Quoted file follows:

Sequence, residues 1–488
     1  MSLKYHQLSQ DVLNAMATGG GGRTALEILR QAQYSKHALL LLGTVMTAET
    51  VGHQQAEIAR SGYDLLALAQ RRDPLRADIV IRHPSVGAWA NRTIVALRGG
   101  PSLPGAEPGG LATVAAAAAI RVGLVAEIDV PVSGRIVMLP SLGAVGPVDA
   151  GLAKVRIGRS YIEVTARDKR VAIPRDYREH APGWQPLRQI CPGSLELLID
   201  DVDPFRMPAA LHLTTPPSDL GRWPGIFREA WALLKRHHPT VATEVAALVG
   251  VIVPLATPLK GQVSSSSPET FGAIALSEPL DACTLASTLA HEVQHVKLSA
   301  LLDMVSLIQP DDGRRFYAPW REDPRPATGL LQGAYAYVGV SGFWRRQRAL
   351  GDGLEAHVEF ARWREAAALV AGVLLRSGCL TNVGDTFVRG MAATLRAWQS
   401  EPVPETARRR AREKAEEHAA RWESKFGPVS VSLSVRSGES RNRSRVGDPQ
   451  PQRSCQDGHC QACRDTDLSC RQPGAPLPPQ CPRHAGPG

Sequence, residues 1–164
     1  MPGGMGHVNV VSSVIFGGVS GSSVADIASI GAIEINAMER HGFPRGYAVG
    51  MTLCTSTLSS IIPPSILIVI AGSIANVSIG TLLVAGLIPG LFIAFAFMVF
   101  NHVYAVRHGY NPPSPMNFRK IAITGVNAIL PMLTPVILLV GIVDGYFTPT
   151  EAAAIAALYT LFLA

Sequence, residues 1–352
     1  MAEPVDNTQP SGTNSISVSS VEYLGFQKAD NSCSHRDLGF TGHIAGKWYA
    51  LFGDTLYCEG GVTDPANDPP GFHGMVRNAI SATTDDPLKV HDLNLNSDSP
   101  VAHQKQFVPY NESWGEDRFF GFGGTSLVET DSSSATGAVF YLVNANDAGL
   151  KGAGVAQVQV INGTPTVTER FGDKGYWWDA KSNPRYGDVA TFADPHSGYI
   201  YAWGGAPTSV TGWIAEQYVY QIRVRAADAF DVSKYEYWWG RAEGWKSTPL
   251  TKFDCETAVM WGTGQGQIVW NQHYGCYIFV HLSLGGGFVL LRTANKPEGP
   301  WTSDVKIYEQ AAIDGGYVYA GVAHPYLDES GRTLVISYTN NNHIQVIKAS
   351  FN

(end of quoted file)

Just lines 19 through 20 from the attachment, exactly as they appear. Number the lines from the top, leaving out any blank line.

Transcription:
    51  LFGDTLYCEG GVTDPANDPP GFHGMVRNAI SATTDDPLKV HDLNLNSDSP
   101  VAHQKQFVPY NESWGEDRFF GFGGTSLVET DSSSATGAVF YLVNANDAGL